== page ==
Ridge Subduction and Afterslip Control Aftershock Distribution of the 2016 Mw 7.8 Ecuador Earthquake

This is a Preprint and has not been peer reviewed. The published version of this Preprint is available: https://doi.org/10.1016/j.epsl.2019.05.029.

Downloads

Download Preprint

Authors

Hans Agurto-Detzel , Yvonne Font, Philippe Charvis, Marc Régnier, Andreas Rietbrock, David Ambrois, Michele Paulatto, Alexandra Alvarado, Susan Beck, María José Hernandez

Abstract

We characterise the aftershock sequence following the 2016 Mw=7.8 Pedernales earthquake. More than 10,000 events were detected and located, with magnitudes up to 6.9. Most of the aftershock seismicity results from interplate thrust faulting, but we also observe a few normal and strike-slip mechanisms. Seismicity extends for more than 300 km along strike, and is constrained between the trench and the maximum depth of the coseismic rupture. The most striking feature is the presence of three seismicity bands, perpendicular to the trench, which are also observed during the interseismic period. Additionally, we observe a linear dependency between the temporal evolution of afterslip and aftershocks. We also find a temporal semi-logarithmic expansion of aftershock seismicity along strike and dip directions, further indicating that their occurrence is modulated by afterslip. Lastly, we observe that the spatial distribution of seismic and aseismic slip processes is correlated to the distribution of bathymetric anomalies associated with the northern flank of the Carnegie Ridge, suggesting that slip in the area could be influenced by the relief of the subducting seafloor. To explain our observations, we propose a conceptual model in which the Ecuadorian margin is subject to a bimodal slip mode, with distributed seismic and aseismic slip mechanically controlled by the subduction of a rough oceanic relief. Our study sheds new light on the mechanics of subduction, relevant for convergent margins with a complex and heterogeneous structure such as the Ecuadorian margin.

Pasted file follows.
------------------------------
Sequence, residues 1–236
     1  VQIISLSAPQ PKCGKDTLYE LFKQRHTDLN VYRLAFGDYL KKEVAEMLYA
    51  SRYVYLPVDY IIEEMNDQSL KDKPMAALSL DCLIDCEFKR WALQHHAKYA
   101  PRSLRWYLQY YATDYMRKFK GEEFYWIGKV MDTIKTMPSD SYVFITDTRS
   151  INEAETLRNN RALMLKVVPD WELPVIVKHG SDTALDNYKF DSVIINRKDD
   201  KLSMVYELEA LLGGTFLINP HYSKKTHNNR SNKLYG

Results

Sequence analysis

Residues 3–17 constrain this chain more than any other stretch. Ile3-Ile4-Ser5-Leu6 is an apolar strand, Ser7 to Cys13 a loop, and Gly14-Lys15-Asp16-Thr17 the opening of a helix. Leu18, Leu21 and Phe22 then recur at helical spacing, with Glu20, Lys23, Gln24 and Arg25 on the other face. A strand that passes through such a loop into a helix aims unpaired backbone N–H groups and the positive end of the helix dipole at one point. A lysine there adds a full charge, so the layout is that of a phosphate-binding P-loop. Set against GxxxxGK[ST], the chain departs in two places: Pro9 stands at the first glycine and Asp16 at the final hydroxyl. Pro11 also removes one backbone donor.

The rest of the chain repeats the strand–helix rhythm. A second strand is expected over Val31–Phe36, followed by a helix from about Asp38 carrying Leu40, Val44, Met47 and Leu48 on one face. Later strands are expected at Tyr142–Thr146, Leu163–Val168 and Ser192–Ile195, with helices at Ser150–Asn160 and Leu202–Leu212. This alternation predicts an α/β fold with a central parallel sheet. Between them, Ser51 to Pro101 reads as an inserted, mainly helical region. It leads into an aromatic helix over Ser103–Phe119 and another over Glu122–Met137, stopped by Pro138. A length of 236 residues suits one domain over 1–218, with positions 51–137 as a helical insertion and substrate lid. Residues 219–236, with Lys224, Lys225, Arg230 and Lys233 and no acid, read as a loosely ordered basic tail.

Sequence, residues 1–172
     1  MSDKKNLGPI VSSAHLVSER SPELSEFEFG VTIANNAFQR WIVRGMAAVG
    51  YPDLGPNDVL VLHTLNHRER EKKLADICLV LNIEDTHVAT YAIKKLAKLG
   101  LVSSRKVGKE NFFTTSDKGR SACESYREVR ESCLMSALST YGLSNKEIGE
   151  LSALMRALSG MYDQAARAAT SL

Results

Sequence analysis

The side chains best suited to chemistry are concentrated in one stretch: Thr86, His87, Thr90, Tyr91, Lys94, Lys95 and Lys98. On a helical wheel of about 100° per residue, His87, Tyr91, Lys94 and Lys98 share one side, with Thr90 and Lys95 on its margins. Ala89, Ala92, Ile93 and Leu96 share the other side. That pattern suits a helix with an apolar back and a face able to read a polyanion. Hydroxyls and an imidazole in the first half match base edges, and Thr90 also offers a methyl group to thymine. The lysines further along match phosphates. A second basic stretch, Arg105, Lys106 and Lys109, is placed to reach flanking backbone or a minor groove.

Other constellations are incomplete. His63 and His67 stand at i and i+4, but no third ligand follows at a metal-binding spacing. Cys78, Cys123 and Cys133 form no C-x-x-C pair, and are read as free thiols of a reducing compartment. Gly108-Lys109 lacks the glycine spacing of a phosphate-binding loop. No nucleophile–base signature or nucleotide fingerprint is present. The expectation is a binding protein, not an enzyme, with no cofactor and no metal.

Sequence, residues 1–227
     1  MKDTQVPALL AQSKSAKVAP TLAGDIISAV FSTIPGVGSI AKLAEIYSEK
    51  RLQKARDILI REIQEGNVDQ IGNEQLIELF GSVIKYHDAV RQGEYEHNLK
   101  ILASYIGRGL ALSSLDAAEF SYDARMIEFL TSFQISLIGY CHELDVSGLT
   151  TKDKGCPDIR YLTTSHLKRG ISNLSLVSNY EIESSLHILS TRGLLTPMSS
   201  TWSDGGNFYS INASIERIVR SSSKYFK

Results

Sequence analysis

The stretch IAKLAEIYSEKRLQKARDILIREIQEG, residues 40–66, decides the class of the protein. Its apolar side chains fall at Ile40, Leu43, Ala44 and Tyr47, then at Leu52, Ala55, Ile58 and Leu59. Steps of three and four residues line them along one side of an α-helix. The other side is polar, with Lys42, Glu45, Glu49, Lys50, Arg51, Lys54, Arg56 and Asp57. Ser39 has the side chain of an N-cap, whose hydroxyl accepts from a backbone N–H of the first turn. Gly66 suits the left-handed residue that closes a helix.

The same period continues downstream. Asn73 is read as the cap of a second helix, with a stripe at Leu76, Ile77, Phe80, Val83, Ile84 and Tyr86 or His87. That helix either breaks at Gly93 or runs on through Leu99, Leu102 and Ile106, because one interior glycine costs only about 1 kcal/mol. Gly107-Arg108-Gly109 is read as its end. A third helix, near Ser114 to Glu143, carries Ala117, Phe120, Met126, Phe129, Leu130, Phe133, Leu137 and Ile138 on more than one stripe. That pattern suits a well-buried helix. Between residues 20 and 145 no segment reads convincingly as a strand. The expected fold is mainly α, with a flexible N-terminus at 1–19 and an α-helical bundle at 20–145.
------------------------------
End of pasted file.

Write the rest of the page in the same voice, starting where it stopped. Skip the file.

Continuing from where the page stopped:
DOI

https://doi.org/10.31223/osf.io/39jvx

Subjects

Earth Sciences, Geophysics and Seismology, Physical Sciences and Mathematics

Keywords

aftershocks, afterslip, subduction, Ecuador, Carnegie Ridge, Seafloor Relief

Dates

Published: 2019-04-02 11:11

Older Versions
License

Academic Free License (AFL) 3.0

Add a Comment

You must log in to post a comment.


Comments

There are no comments or no comments have been made public for this article.